Astigmatism usually occurs in people with one or both parents having some vision-related difficulties. So in most of the cases, it is an inherited trait. It may also result from certain environmental factors. People spending long hours in a dimly lit environment, working or studying under similar conditions have a greater likelihood of developing Astigmatism. Astigmatism, whether regular or irregular is caused by a combination of external (corneal surface) and internal (posterior corneal surface, fluids, retina and the eye-brain interface) optical properties.
What are the main signs and symptoms of Astigmatism?
Astigmatism may present with either nearsightedness or farsightedness or in some cases both. It is easy to tell if one has Astigmatism if the following symptoms are observed-
- Blurred and distorted vision
- Nearsightedness and farsightedness
- Tendency to squint
- Eye twitching and eye fatigue
- Eye-strain while concentrating on a subject
- Pain in the eyes after long hours of performing visual tasks
- Problems viewing the blackboard
- The images may appear extremely blurred and stretched out
- Problems driving at night
- Lines running across the page appear less distinct than
- Migraine headaches (occurs in the extreme stage)
What are the different types of Astigmatism?
Astigmatism has a number of subtypes based on the axis of the principal meridian, the focus of the principal meridian and the distribution of incoming light over the retina. According to the axis of the principal meridian, Astigmatism is of two types-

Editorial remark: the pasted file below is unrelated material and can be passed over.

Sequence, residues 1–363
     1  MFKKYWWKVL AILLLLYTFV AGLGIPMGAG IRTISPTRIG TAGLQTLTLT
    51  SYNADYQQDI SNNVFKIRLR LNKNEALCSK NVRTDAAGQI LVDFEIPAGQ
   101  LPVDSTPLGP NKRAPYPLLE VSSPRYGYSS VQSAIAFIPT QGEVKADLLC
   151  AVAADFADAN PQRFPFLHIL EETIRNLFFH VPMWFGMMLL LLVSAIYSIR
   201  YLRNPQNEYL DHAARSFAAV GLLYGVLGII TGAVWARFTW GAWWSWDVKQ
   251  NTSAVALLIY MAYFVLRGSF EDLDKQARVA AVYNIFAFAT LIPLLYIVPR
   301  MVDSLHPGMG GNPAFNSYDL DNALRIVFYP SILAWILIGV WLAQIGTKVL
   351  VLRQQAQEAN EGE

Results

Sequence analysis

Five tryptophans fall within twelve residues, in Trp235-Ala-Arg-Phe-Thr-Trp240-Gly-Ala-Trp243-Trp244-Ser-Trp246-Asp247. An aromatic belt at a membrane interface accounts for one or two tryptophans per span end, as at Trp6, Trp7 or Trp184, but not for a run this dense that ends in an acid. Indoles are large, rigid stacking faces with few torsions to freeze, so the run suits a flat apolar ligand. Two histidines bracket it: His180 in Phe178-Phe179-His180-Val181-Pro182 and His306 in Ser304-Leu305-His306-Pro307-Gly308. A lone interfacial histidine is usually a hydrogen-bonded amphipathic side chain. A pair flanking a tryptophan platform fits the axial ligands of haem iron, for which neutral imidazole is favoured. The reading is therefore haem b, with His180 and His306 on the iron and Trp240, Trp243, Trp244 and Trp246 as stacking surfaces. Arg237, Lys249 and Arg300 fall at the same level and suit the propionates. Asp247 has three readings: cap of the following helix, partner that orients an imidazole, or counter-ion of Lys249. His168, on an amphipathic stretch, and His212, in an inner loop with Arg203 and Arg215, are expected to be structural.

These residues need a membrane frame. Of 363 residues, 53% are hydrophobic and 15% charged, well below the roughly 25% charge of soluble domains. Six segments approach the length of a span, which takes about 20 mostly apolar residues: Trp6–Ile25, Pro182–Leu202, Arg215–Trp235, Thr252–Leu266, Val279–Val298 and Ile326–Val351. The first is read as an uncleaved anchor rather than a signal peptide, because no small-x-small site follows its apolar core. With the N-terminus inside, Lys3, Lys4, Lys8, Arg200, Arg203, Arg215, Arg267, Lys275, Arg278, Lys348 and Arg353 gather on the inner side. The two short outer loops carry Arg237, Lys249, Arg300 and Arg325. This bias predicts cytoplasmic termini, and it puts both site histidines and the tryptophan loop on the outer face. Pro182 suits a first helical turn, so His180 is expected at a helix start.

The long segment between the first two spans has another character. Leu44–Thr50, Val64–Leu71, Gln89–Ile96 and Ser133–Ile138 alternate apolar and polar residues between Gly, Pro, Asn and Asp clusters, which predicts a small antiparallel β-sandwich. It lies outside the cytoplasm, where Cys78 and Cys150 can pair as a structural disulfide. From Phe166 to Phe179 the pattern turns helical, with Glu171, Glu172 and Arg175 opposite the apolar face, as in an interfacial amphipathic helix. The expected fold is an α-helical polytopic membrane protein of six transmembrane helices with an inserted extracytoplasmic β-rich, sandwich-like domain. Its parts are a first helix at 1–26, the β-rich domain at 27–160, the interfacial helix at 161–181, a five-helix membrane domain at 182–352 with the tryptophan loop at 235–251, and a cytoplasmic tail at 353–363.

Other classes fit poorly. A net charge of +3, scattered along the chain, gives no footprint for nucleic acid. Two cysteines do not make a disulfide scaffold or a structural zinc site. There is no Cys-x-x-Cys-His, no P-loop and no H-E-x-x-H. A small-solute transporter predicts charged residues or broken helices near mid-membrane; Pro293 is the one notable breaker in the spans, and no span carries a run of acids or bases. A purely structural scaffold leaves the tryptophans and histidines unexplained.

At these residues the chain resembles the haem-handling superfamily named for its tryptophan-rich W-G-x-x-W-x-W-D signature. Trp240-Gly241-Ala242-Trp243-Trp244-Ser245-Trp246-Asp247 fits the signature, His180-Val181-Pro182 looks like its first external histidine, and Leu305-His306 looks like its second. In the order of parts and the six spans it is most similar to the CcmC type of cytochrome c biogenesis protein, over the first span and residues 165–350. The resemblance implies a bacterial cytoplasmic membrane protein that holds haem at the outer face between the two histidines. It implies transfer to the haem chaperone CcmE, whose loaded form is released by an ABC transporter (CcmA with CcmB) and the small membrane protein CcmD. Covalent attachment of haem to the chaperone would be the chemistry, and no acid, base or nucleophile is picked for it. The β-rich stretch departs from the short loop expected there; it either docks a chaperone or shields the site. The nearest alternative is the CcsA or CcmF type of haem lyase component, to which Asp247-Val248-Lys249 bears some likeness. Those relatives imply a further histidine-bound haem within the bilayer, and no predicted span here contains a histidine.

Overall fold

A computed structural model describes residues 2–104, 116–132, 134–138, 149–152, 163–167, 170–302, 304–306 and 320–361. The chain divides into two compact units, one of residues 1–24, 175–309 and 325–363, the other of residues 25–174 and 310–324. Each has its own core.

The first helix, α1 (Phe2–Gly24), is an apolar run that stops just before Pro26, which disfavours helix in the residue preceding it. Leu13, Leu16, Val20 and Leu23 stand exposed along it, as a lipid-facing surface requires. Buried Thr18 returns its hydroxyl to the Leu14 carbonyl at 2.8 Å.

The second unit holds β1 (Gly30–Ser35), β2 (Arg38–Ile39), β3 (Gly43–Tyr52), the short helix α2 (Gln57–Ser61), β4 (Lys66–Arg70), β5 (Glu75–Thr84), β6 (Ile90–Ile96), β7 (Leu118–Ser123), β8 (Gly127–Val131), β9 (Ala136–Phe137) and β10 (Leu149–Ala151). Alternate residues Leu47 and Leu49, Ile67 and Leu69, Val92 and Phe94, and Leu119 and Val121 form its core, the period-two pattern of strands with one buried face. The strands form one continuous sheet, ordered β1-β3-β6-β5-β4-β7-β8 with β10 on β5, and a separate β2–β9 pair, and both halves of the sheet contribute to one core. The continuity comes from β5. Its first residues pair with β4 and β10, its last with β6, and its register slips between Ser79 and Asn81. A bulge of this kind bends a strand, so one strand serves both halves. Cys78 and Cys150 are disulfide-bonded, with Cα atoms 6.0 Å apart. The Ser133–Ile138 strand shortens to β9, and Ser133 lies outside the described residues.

- Regular Astigmatism: In this case, the principal meridians are perpendicular. It is of three types-
- With-the-rule astigmatism: Here the vertical meridian is the steepest. To correct this type of astigmatism, a minus cylinder can be placed in the horizontal axis. This makes the horizontal axis steeper and the vertical axis less steep. In a word, both the axes are made equally steep in order to avoid refractive errors.
- Against-the-rule astigmatism: Here the horizontal meridian is the steepest. It can be fixed by placing a minus cylinder in the vertical axis or a plus cylinder in the horizontal axis.
- Oblique astigmatism: In this type, the steepest curve lies either between 120 and 150 degrees or between 30 and 60 degrees.
- Irregular astigmatism: Here the principal meridians are not perpendicular.
Based on the focus of the principal meridian, Astigmatism can be categorized into three types-